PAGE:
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In this excerpt from Plus: The Power of Faith, a woman reflects on the lessons of faith and love she learned around the kitchen table.
Not too long ago I was wandering through the Detroit Historical Museum’s collection of 20th-century furniture and housewares and was surprised to come upon a red metal-topped table that was set up in a ’50s-style kitchen. Similar to the one we had, I thought. How odd to see a part of my childhood in a museum! I couldn’t help thinking back four decades.
“Dinner is 5:05 sharp,” Mom would call after us kids as we left for the park. But there was no need for a reminder. A little before five one of us would yell, “Let’s get Dad!”
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We’d jump on our bikes and tear up the street to greet our father when he got off work at the factory. Once home, Dad kissed Mom, traded his shoes for slippers and summoned any stragglers to the table. Then he led us in grace.
We had a regular seating arrangement. Fred and I shared a two-seat bench, with Sherry in a chair next to me. Dave and Paul were across from us, and Mom and Dad at either end. We made room for new members, who joined the table in high chairs: Bob first, and a few years later the twins, Elizabeth and Marissa. There was always laughter at supper. Once, the Blessed Mother planter fell on Paul’s head. Another time the stereo caught fire. Dad joked about both incidents: “The Blessed Mother was trying to get Paul’s attention,” he said, smiling slyly. “That Elvis was so hot his ‘Hound Dog’ ignited our stereo.”
By the mid ’60s, some of the tablemates had given up their spots: Sherry married and moved to Hawaii; Paul was stationed at Belle Isle Army Base; Dave got sent to Vietnam; Fred enrolled in a Detroit seminary. That’s when our table became our communications nexus.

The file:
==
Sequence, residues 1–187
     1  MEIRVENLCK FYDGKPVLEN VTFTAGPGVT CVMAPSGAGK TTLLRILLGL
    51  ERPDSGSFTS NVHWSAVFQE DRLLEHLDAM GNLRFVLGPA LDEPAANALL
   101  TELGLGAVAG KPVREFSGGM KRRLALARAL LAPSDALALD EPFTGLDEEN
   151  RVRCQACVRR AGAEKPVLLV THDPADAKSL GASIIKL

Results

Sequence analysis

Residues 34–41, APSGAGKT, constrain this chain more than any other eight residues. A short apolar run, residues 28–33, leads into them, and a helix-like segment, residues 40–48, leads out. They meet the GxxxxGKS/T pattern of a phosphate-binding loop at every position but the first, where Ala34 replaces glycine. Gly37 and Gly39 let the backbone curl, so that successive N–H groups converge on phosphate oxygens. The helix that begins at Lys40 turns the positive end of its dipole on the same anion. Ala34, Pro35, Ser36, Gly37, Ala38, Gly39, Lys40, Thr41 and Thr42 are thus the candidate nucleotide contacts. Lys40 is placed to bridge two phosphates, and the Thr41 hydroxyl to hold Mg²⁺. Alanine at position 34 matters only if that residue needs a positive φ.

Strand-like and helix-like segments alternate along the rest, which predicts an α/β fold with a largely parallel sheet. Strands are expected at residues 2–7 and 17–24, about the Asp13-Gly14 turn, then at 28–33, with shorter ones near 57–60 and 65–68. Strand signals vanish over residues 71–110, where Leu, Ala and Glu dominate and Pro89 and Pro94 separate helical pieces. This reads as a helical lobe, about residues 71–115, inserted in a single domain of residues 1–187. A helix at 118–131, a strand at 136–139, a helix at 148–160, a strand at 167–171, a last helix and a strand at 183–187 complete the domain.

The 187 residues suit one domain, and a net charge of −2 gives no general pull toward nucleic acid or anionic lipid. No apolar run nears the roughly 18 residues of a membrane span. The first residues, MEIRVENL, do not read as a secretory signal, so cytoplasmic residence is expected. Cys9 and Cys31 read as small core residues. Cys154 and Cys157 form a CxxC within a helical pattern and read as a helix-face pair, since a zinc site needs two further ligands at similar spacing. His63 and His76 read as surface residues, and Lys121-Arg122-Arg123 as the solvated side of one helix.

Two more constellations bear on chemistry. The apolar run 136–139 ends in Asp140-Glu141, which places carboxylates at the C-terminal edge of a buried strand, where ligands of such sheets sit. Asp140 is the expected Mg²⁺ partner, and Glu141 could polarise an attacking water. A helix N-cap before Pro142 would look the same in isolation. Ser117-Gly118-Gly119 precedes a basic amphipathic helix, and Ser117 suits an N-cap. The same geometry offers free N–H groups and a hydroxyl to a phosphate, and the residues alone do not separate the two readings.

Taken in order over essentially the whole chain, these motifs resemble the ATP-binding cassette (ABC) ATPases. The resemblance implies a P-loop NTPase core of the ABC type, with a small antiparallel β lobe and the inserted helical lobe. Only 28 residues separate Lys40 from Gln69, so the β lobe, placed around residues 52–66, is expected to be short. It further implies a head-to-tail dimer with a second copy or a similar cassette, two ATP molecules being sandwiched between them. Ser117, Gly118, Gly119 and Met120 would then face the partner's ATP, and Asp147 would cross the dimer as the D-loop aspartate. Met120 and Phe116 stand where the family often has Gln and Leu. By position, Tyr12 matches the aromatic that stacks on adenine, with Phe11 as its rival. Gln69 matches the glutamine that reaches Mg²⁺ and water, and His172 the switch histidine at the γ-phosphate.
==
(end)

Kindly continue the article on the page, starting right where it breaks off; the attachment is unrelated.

After supper Dad would read aloud letters from our absent siblings. If there was a picture in the envelope, it was passed around. Mom would hold the photo up for Bob and the twins to see. “Look at your brother David,” she’d say. “Here he is having a cookout with his Army friends.”
It was almost as if the entire family were together again. At the time, every night after dinner the TV showed grisly footage from the Vietnam war. Our nation was in turmoil. Just a high-school senior, I felt like I was in turmoil, too. I was drifting away from the lessons my parents had taught me about trust and faith. Lessons I had learned around our kitchen table.
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One warm summer evening in 1971, I asked some girlfriends to take a ride with me in my ’65 yellow Mustang. It was a fad then to decorate your bedroom walls with road signs, and I brought up the idea to steal some. Everyone thought it’d be fun. We had just pulled down a stop sign when a police car raced up, lights flashing.
The officer had us replace the sign, then hauled us in to the station. “I’m so sorry, sir. Please don’t call my dad,” I begged. My plea fell on deaf ears. I got home late. Dad was still awake, sitting in the darkened living room. “Dad,” I began, “let me explain….” He cut me short. “Go to bed. We’ll discuss it in the morning.” I didn’t sleep a wink that night, and at seven the next morning I was at the table before Dad, biting my nails.
When I couldn’t stand waiting anymore, I went to find him. My parents’ bedroom door was ajar. I peeped in, and there Dad was, kneeling beside the bed, praying. I’d never seen that before. I’d seen him pray every Sunday in church, of course. But this was different. I knew he was praying about what I’d done, and it made me feel terrible to think he was talking to God about what to do with me. I went back to the kitchen, and finally Dad joined me. “Here,” I said, sliding my car keys across the table to him. “I don’t deserve your trust.” I looked at the clock. “I probably should leave to catch the school bus.”
“Wait, Marilyn,” Dad said. He motioned for me to sit down. “The police officer said you took full responsibility for everything last night, that you admitted leading your friends along. Is that true?” “Yes, it’s true.” “That took character,” he said. “I’m proud you’re my daughter.”